I’m using Django to create a web application. The following are the reasons I picked Django:
I’m starting to worry about scale now that I’m coming closer to thinking about releasing my work. The only information I discovered about Django’s scalability capabilities came from the Django team (which isn’t to imply they’re wrong, but this is clearly not objective information…).
Asked by Roee Adler
Of course, there are many more interesting sites and bloggers out there, but I have to come to a conclusion!
Michaelmoore.com is a top 10,000 website, according to a blog post about using Django to develop a high-traffic site. Stats from Quantcast and Compete.com.
(*) The author of the edit, which includes such a reference, previously worked on that project as an outsourced developer.
Answered by Van Gale
We’re currently performing load testing. We believe the server can handle 240 concurrent requests (at a constant rate of 120 hits per second, 24 hours a day, 7 days a week) without seeing substantial performance reduction. This translates to 432,000 hits each hour. Although response times aren’t fast (our transactions are enormous), there is no decline in performance as the load grows.
We’re using Django as a front-end for Apache and MySQL as a database. Red Hat Enterprise Linux is the operating system (RHEL). 64-bit. For Django, we utilize mod wsgi in daemon mode. Except for accepting the defaults, we’ve done no cache or database optimization.
On a 64-bit Dell with (I believe) 32GB RAM, we’re all in one VM.
We don’t need to spend a lot of time “tweaking” because performance is about the same for 20 or 200 concurrent users. Instead, we simply need to maintain our baseline performance by standard SSL enhancements, standard database design and implementation (indexing, etc. ), standard firewall enhancements, and so on.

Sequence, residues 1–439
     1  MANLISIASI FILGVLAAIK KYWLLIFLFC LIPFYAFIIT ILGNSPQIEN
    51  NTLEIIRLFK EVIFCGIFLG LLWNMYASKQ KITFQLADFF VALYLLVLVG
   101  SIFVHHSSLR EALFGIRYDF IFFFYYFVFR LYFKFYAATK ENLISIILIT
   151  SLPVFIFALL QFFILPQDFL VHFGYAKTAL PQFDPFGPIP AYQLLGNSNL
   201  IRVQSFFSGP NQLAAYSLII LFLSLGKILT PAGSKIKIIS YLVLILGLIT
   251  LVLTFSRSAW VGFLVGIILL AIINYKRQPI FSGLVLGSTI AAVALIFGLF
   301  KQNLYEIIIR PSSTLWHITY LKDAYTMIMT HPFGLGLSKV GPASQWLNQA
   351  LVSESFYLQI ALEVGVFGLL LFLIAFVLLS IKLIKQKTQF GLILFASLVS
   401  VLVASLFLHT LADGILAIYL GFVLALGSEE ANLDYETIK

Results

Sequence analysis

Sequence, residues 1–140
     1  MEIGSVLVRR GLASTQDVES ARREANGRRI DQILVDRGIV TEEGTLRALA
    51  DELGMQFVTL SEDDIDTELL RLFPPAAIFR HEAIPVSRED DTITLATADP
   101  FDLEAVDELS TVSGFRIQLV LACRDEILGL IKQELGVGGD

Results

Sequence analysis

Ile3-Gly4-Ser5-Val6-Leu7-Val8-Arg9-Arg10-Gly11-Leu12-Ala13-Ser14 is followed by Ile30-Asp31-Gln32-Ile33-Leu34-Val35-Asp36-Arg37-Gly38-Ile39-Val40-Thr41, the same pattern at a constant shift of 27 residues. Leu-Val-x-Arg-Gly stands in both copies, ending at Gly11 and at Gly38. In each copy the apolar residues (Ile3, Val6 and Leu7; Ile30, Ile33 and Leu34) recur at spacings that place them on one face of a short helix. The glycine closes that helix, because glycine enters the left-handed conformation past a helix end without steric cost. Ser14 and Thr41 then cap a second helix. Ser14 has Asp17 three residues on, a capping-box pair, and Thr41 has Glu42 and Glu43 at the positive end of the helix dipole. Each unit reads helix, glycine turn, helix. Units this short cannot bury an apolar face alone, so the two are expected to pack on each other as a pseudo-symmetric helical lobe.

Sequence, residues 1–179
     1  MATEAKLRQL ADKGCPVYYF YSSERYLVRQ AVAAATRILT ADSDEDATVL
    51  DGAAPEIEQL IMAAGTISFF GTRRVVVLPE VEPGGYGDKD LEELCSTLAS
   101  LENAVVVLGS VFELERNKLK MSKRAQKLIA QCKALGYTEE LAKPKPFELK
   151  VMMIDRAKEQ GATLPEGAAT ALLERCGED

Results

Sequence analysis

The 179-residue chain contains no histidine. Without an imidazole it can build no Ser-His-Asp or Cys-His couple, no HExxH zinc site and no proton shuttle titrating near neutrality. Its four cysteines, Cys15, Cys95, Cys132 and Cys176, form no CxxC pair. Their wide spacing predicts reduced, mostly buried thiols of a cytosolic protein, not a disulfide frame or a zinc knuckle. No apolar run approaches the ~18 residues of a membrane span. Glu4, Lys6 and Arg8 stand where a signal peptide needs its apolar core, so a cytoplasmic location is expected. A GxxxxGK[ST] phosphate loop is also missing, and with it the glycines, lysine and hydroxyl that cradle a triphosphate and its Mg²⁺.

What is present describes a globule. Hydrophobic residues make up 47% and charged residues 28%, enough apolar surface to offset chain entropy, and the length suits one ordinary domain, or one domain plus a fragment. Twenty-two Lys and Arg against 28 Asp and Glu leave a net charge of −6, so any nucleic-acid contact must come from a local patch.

What we do measure is our load test laptops struggling under the insane workload of 15 processes running 16 concurrent threads of requests.
Answered by S.Lott
I’m not sure how many people come each day, however here are a couple examples of large Django sites:
On Quora, there’s a list of high-traffic Django sites.
Answered by 16 revs, 4 users 93%
It was Mahalo in the United States. I’ve heard they handle around 10 million unique visitors every month. Mahalo is now powered by Ruby on Rails in 2019.
The Globo network (a Brazilian network of news, sports, and entertainment websites) is ranked in the top 100 worldwide by Alexa (around 80th currently).
PBS, National Geographic, Discovery, NASA (really a number of distinct organizations inside NASA), and the Library of Congress are among the other noteworthy Django users.
Yes, but only if your program is well-written and you have sufficient hardware. Django isn’t a miracle worker.
Yes, indeed (but see above).
In terms of technology, it’s simple: take a look at Soclone for an example. StackOverflow receives less than 1 million unique visitors every month, according to Compete. I can think of a dozen Django sites that receive more traffic than SO.
Answered by jacobian
It’s not about web frameworks or languages when it comes to scaling online projects; it’s about your architecture. It has to do with how you handle your browser cache, your database cache, how you use non-standard persistence providers (like CouchDB), how well your database is optimized, and a lot more…
Answered by razenha
Post is based on https://stackoverflow.com/questions/886221/does-django-scale